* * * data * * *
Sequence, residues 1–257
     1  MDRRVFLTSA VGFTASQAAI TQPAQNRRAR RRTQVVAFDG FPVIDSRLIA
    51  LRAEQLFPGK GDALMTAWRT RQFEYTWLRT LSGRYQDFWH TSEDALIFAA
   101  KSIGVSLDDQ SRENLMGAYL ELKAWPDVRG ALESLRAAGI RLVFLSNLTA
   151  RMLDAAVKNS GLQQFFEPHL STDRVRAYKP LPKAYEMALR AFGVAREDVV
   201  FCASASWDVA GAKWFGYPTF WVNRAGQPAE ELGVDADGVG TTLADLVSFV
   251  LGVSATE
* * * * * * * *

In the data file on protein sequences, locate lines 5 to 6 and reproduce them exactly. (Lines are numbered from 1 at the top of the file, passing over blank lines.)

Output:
   151  RMLDAAVKNS GLQQFFEPHL STDRVRAYKP LPKAYEMALR AFGVAREDVV
   201  FCASASWDVA GAKWFGYPTF WVNRAGQPAE ELGVDADGVG TTLADLVSFV